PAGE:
Commentary

Private Credit in an Age of Scarcity (Third of a Series)

In a world where cash is either being withdrawn systemically through quantitative tightening or selectively by investor caution, capital formation is being challenged. Public capital utilization is governed by fast cash, so when money flows out of retail funds at the pace it has, it’s a headwind to deal activity. Private capital has long-term, locked-up…

Private Credit in an Age of Scarcity (Second of a Series)

Supply chain issues aren’t limited to bikes and baby formula. As the Fed withdraws liquidity from the banking system and investor cash exits public credit, it’s more challenging to deliver capital to traditional buyouts and M&A. In pivoting from a world of abundance to one of scarcity, credit markets are struggling to adjust. Direct lenders…

Private Credit in an Age of Scarcity (First of a Series)

Our keynote address at this week’s SuperReturn US Private Credit conference allowed us to share a reconsideration of the impact of rate hikes and quantitative tightening on capital markets and private credit. This special series will further develop that thesis. For over a decade, including through Covid, the tide of capital has flowed mostly in…

A League of Its Own

We all have a few sad childhood memories. One of our lowest moments was coming home for Thanksgiving freshman year to discover our younger brother had traded away our baseball card collection. We had gifted him the shoebox full of Topps stars that summer, assuming he would prize it highly. Turns out he prized his…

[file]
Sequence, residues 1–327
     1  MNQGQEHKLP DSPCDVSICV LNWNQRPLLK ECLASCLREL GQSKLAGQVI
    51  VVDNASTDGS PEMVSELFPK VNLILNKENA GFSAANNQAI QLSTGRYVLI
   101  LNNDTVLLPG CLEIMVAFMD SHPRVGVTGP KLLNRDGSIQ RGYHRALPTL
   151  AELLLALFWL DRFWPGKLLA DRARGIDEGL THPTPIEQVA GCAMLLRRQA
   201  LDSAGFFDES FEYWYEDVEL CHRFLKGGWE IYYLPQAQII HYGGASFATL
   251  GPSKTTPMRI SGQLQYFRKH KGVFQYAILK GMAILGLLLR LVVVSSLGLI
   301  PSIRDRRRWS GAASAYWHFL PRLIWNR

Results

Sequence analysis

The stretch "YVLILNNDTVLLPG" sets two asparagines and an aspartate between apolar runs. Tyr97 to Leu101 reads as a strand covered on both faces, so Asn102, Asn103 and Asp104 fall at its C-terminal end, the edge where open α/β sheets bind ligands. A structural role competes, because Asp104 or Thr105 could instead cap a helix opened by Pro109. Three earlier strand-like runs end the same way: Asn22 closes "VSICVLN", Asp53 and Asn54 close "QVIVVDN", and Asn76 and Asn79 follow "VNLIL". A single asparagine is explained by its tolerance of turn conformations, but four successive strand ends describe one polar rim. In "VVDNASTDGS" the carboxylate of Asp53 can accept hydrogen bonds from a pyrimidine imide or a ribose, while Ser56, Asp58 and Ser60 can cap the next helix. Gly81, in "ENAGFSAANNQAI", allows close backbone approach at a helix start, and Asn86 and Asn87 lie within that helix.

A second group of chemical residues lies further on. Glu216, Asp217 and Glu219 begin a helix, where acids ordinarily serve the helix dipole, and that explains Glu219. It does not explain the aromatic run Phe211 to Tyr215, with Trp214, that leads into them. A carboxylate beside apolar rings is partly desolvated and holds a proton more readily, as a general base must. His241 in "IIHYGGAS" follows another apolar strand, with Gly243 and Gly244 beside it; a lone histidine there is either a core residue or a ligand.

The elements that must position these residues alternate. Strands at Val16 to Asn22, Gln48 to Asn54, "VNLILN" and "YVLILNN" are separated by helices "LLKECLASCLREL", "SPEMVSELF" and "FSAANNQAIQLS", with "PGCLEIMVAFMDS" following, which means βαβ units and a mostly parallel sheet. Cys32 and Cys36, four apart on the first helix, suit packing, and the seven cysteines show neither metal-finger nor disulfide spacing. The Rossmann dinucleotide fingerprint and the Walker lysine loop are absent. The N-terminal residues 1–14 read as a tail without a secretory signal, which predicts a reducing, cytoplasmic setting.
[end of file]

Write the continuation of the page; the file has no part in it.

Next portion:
The Great Unwind (Final of a Series)

“The easy money has been made; the harder money is left.” We noted this recently from an experienced asset manager reflecting on the current investing market. It’s fairly typical of a public trading approach emerging from a period of low prices. Eventually the worry discount goes away as fear fades. Finding the next bargain then…

The Great Unwind (Third of a Series)

Our characterization of the current economic picture as a “precession” took into account the second quarter’s negative GDP data. But last week’s “blowout” labor report for July – 528,000 jobs added – combined with unemployment edging down to 3.5%, hardly depict the prelude to a recession. The number of jobs now stands where it did…

The Great Unwind (Second of a Series)

News reached us last week of the demise of the Choco Taco. Or not. Cousin to the Klondike Bar, this chocolate-nut-waffle-taco-vanilla-fudge-ice-cream novelty seemed to be yet another victim of supply-chain issues when its manufacturer announced it was being discontinued. Choco-Taco’s creator chalked it up to the times. “I believe if there had never been Covid…

The Great Unwind (First of a Series)

One of the enduring mysteries of human behavior is our perpetual discomfort with the present. Why can’t today be more like yesterday? Yet when tomorrow brings the hoped-for change, we are invariably chagrined. Oscar Wilde captured this tendency when he wrote, “When the gods want to punish you, they answer your prayers.” Lenders like to…

Relative Value in the Loan Market (Part Two of Two)

Last week’s June CPI report showed inflation running at 9.1%, higher than May’s number, dashing hopes that consumer prices had peaked. Data drivers were also broad-based, including energy, food and housing, challenging the Fed’s rate hike pace. Would 75 bps be enough, or will the Fed kick it up to a previously unimagined 1% later…

Relative Value in the Loan Market (Part One of Two)

In our series on portfolio construction [link] we looked at how liquid and illiquid loan managers assemble quality all-weather assets. Because of the contrasting characteristics and behaviors of BSL and middle market, PMs work differently to extract and maintain value. In recent months, thanks to market volatility caused by higher interest rates, toppy inflation, and…